A good way to cool a sweltering urban canyon? Put a lid on it.

Written by
John Sullivan
John Sullivan, School of Engineering and Applied Science
April 18, 2024

Researchers at Princeton’s engineering school found that placing a specially designed lid over a box can dramatically increase the airflow from wind blowing across the upper surface. It is not just a parlor trick. The information could help clean and cool urban canyons in cities like New York and Hong Kong and improve ventilation in popup restaurants and bus shelters.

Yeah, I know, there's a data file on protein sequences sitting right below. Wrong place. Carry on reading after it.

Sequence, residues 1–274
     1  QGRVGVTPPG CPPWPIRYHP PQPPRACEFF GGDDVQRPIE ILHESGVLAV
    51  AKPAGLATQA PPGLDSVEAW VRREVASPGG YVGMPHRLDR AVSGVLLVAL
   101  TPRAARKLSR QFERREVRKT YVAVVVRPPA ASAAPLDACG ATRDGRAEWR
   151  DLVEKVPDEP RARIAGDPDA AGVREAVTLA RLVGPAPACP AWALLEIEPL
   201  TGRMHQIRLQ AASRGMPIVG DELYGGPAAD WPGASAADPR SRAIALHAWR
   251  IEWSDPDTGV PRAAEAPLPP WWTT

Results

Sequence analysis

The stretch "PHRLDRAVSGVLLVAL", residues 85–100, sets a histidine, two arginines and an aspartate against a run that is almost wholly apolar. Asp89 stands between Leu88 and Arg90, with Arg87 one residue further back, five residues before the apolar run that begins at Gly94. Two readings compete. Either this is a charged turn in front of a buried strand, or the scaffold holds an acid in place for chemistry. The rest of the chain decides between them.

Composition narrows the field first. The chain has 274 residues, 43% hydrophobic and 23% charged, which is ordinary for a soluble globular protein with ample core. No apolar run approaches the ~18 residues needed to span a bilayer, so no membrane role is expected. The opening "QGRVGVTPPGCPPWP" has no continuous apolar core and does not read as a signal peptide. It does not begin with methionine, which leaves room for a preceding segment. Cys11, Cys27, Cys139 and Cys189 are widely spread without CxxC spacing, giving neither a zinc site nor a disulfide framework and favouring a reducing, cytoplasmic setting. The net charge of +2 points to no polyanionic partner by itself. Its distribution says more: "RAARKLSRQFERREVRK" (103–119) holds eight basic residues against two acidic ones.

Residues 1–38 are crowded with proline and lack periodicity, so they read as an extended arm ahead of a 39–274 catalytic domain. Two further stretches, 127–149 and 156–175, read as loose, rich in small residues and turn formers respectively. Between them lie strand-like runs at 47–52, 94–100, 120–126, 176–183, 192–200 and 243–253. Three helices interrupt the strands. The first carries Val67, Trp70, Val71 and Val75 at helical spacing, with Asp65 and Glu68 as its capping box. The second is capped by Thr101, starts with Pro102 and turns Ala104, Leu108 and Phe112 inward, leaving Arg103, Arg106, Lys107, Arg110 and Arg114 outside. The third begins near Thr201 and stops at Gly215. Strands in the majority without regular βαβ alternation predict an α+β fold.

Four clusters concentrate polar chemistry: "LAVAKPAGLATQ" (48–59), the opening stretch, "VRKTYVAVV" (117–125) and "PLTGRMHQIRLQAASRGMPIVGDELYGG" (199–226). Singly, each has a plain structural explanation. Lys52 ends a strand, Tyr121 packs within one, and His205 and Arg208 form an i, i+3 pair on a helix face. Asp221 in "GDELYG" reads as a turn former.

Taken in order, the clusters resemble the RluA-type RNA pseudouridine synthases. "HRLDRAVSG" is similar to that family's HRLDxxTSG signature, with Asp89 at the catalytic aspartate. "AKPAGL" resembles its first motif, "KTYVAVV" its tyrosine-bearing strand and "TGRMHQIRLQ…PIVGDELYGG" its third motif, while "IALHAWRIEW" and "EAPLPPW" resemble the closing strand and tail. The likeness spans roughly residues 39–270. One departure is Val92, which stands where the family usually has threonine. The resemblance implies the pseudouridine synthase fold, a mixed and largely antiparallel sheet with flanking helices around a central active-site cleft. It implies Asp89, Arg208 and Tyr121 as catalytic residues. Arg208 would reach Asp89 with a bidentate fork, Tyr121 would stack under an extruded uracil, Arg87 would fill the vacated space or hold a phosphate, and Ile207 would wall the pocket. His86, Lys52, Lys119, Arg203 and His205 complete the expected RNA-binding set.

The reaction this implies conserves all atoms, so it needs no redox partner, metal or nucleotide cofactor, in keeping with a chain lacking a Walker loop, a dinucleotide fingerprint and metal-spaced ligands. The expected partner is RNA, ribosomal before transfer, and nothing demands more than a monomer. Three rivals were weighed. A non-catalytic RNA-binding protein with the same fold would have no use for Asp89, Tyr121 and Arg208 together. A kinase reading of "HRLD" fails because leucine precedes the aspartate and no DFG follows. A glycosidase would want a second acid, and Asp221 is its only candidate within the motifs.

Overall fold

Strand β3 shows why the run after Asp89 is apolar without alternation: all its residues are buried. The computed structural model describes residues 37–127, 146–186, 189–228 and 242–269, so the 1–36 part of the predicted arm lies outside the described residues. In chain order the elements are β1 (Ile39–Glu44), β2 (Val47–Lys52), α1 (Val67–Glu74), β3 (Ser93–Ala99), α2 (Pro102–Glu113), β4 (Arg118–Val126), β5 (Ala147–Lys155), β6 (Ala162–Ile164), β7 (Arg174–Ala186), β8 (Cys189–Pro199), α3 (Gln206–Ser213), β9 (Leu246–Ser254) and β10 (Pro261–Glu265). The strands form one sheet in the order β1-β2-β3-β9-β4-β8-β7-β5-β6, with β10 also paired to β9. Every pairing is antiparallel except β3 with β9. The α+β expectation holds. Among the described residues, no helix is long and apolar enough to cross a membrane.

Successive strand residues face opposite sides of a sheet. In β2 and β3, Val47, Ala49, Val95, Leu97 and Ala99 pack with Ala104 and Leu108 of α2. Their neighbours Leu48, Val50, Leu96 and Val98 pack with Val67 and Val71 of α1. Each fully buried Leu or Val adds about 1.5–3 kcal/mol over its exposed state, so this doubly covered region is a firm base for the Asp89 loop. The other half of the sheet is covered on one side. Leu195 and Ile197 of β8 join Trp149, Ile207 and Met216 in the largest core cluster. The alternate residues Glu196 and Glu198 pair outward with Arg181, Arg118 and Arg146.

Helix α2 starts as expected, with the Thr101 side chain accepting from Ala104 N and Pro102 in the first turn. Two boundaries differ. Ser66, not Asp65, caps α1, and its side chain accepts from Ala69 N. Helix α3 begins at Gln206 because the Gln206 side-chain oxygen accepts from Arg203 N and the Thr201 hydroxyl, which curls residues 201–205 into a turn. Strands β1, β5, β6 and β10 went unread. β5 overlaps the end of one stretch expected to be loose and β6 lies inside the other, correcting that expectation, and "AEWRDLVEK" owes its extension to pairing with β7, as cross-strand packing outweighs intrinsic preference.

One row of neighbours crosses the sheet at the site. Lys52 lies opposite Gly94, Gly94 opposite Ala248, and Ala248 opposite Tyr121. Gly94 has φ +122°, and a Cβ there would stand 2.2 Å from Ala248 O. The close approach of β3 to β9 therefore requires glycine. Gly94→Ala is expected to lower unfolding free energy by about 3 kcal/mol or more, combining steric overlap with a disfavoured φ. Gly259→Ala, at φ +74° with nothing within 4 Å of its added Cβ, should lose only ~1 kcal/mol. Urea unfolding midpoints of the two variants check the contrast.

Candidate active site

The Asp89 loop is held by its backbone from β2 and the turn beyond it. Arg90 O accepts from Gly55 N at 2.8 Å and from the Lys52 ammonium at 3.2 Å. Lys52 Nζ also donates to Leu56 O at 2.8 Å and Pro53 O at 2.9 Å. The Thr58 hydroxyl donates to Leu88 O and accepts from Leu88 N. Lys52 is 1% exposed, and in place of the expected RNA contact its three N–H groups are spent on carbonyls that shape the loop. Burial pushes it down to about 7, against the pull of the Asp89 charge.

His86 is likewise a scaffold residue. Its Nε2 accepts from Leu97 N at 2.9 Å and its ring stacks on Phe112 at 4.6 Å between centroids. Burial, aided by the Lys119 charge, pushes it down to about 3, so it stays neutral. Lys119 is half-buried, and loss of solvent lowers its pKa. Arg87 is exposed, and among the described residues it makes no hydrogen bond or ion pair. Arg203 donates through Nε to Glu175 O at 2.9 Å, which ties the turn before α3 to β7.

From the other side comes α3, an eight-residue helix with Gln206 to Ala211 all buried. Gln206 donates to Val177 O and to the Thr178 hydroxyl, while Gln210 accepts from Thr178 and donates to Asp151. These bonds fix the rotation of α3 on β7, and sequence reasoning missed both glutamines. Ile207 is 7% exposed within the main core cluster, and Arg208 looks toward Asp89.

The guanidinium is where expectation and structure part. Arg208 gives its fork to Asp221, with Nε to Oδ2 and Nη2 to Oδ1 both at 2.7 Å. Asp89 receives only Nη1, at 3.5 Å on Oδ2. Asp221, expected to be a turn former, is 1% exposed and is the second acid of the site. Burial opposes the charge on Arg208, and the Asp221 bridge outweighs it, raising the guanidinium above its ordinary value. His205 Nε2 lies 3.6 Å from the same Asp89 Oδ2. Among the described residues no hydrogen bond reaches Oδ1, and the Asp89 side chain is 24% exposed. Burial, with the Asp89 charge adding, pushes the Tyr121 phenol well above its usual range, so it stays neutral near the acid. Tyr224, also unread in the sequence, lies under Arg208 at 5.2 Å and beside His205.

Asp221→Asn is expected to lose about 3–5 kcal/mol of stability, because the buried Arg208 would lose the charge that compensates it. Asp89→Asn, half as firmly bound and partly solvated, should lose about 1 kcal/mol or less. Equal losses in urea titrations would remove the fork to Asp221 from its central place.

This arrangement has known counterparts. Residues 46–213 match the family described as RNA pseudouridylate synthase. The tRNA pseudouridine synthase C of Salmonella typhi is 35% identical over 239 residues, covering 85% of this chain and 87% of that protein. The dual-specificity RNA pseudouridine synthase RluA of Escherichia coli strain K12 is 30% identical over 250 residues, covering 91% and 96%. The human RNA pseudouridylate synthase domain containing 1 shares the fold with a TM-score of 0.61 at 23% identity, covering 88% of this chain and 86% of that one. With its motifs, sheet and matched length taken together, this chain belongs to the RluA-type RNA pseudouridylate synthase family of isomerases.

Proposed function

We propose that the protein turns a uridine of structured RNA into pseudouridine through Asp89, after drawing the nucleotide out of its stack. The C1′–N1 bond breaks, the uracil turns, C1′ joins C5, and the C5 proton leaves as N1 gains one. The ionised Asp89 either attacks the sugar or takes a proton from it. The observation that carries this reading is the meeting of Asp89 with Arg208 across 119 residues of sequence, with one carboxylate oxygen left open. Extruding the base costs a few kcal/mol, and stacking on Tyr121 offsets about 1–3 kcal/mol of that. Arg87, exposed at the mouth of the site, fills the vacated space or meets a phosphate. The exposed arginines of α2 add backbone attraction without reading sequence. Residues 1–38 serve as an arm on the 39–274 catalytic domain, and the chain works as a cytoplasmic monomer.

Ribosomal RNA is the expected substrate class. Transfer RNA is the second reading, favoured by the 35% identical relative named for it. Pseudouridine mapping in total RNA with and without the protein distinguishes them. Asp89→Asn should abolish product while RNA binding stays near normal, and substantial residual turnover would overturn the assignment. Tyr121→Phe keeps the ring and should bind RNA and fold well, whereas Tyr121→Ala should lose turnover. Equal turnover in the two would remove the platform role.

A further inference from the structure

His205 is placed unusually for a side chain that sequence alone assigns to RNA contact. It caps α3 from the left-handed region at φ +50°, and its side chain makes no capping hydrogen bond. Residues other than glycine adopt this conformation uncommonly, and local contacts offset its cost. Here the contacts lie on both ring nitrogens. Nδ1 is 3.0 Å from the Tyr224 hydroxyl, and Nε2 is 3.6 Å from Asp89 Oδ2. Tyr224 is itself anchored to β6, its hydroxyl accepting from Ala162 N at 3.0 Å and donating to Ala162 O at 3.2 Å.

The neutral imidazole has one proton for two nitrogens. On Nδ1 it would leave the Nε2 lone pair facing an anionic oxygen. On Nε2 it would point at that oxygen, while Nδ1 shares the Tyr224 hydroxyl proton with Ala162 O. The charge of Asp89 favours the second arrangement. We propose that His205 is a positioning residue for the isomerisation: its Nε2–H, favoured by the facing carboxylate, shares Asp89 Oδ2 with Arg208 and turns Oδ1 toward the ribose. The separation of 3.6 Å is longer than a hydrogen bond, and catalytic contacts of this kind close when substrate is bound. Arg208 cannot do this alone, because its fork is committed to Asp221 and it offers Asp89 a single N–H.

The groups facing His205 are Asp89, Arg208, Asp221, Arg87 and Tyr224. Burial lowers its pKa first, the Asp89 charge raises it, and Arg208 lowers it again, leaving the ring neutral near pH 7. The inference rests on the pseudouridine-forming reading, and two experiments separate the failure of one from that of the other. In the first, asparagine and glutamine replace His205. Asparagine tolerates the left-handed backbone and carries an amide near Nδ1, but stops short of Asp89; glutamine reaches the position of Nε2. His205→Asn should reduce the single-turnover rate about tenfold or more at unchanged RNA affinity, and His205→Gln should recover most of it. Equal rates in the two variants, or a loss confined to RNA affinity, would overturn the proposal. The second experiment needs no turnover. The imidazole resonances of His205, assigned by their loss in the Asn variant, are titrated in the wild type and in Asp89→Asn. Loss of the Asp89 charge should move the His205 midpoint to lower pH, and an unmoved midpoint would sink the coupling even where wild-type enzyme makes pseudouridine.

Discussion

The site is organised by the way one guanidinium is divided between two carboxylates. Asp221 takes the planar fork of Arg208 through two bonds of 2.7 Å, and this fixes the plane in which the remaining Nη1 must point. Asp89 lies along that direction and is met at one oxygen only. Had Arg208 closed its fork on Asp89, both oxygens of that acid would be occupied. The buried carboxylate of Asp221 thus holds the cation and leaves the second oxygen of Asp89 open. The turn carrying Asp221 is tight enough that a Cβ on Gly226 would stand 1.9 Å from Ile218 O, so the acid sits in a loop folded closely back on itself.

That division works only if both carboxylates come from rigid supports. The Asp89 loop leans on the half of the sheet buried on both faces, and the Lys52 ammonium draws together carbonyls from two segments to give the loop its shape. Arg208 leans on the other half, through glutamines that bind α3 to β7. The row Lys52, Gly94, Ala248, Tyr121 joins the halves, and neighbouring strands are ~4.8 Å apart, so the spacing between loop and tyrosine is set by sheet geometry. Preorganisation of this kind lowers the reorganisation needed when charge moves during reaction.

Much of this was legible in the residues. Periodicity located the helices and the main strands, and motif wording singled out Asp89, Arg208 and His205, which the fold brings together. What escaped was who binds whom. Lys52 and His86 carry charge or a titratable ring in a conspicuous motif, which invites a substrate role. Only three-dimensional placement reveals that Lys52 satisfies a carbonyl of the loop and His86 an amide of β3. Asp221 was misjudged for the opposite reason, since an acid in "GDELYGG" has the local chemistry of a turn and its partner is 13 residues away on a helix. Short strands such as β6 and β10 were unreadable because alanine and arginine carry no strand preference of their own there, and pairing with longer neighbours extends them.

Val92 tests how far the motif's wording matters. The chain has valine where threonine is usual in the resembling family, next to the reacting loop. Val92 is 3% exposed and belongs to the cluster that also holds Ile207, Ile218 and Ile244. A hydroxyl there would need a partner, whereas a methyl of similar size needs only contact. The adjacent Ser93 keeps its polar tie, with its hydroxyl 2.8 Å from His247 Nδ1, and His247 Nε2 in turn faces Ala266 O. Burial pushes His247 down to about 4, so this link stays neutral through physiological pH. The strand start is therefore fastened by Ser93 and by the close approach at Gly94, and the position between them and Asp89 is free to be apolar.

“If you cut the lid in a certain pattern and stretch it, it becomes three-dimensional,” said Elie Bou-Zeid, a professor of civil and environmental engineering at Princeton and one of the lead researchers. “It can guide the flow of air to come in and out in ways that are better for ventilation than having no lid whatsoever.”

The researchers found that a cover with a row of evenly spaced, tilting slats, called louvers, can increase the airflow in a box by channeling wind that ordinarily would flow over the open top. The researchers further modified the top’s geometry using the Japanese art form kirigami. This technique allowed the researchers to stretch and bend the cover in novel ways, which further increased the amount of air moving through the enclosure.

The paper was published Feb. 4 in the Journal of Wind Engineering and Industrial Aerodynamics. 

Environment Tags
Research Themes